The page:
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National Heart Valve Disease Awareness Day

National Heart Valve Disease Awareness Day

Heart valve disease (HVD) isn't the most common form of heart disease, but it's still widely prevalent. A potential 11 million Americans are estimated to suffer from this disease that involves damage to one or more of the heart's four valves, the membranes that regulate blood flow throughout the heart.

 Heart Valve Diagram

The Facts About Heart Valve Disease

Despite its prevalence, heart valve disease is often not well understood, even by the groups of people most likely to develop it:

  • Approximately 2.5 percent of Americans are estimated to have heart valve disease.
  • 25,000 Americans die from HVD every year.
  • Less than 1 in 4 American adults know much about HVD, according to surveys.
  • 30 percent of survey respondents over 65 are unaware of HVD.
  • Over two-thirds of patients with HVD did not know about the disease before their diagnosis.
  • 6 in 10 HVD patients were diagnosed due to a routine checkup.

 Types of Heart Disease

Types and Symptoms

The heart has four valves that make sure your blood flows normally. These valves are small flaps that open and close during each heartbeat, moving blood in the correct direction through your heart. When damage occurs to one or more of these valves, a number of conditions may occur:

  • Regurgitation: When valve flaps prolapse, or bulge backwards, they don't close properly. This causes blood to leak backward into your heart.
  • Stenosis: When the valve flaps stiffen or thicken, sometimes fusing together. This causes reduced blood flow.
  • Atresia: Often tricuspid atresia, a congenital heart disease where the tricuspid valve isn't formed, leading to a complete blockage between chambers of the heart.

Heart valve disease may be asymptomatic for years, and it's thought that even the estimated number of people with the disease may be low. In addition, many people dismiss symptoms as naturally accompanying old age. It's important to pay attention to your body and speak to a doctor if you have any of the following symptoms:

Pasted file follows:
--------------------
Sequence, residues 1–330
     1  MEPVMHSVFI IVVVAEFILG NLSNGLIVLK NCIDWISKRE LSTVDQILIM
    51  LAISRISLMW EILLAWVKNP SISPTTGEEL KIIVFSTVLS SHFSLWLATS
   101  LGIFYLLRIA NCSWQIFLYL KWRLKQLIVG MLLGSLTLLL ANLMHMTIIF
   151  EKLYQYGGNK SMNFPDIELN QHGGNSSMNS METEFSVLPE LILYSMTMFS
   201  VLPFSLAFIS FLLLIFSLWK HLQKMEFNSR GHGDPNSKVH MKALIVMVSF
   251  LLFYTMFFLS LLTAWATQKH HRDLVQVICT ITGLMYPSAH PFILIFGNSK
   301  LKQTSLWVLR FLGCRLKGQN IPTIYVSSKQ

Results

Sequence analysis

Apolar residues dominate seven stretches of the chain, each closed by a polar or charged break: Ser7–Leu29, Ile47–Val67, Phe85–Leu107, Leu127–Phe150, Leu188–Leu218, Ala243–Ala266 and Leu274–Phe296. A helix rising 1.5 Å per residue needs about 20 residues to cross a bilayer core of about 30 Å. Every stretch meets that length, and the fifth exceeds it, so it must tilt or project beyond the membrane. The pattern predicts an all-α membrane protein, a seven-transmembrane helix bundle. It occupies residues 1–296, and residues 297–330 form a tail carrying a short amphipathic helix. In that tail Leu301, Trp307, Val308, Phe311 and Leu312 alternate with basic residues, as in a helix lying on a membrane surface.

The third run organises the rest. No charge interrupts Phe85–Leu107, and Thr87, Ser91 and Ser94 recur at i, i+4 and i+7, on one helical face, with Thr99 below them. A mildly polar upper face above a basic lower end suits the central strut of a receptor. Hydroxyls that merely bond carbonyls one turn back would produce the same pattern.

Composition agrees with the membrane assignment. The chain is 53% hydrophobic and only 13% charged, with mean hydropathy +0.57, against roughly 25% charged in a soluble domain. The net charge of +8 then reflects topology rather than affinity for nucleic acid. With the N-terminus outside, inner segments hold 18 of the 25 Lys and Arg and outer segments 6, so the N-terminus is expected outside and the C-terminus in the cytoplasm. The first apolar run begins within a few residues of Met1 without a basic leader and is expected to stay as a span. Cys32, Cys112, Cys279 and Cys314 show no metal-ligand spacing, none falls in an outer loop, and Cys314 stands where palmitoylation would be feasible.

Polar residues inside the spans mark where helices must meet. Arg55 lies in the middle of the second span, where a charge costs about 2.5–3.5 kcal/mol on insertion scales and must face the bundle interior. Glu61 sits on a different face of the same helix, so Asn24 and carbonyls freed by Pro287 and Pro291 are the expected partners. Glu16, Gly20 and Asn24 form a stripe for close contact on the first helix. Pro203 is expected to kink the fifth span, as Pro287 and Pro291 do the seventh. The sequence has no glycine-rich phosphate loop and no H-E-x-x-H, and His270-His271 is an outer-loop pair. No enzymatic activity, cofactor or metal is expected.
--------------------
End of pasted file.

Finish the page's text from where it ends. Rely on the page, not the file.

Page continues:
• Heart murmur: abnormal heartbeat that can be heard when listening through a stethoscope.
  • Irregular heartbeat.
  • Fatigue.
  • Shortness of breath: especially when active or when lying down.
  • Fainting.
  • Dizziness.
  • Swelling of ankles and feet.

It's particularly important to see a cardiologist if you have a heart murmur. Not all heart murmurs are indicative of complications or HVD, but proper screening is vital.


 Heart Valve Imaging

Risk Factors and Complications

The single biggest risk factor for heart valve disease is age. Prevalence rates jump significantly with advancing age. From ages 18 to 44, less than 1% of the U.S. population has HVD; this jumps to 8.5% between 65 and 74, and to 13.2% above age 75.

Other risk factors may include:

  • Congenital heart defects: conditions present from birth such as atresia.
  • High blood pressure.
  • High cholesterol.
  • Diabetes.
  • History of certain infections that can affect the heart, such as rheumatic fever, or infective endocarditis, in which bacteria enters the bloodstream and settles in the heart lining.
  • History of heart disease or heart attack.

The complications caused by heart valve disease are significant and potentially fatal. They include:

  • Heart rhythm abnormalities.
  • Blood clots.
  • Stroke.
  • Heart failure.
  • Death.


 Heart Valve Replacement

Treatment and Prevention

The best thing you can do initially for heart valve disease is get screened if there are irregularities with your heartbeat. Treating issues with your valves at the right time is crucial. Otherwise, continue living your heart-healthy lifestyle! Regular exercise, a healthy body weight, a low-sodium diet rich in fruits and vegetables, and not smoking are well-known counters to developing other forms of heart disease. Doctors are still studying the impact of a healthy lifestyle on HVD, but it's always a good idea to live one.

If you have heart valve disease and it's affecting the blood flow in your heart, it will likely require repair or replacement. This sounds intimidating but recovery statistics and quality of life for patients who receive proper treatment are high. There are many options here:

  • Balloon valvuloplasty: expansion of the heart valve with a balloon inserted through a catheter.
  • Valve replacement: the full replacement of a heart valve with a mechanical one or one made of human or animal tissue.
  • Transcatheter aortic valve replacement (TAVR): for patients who may be high-risk for standard replacement surgery, this is the replacement of a damaged aortic valve with a new one via a minimally invasive catheter.
  • Ross Procedure: replacing a damaged aortic valve with your own pulmonary valve, which is replaced with a donor valve.
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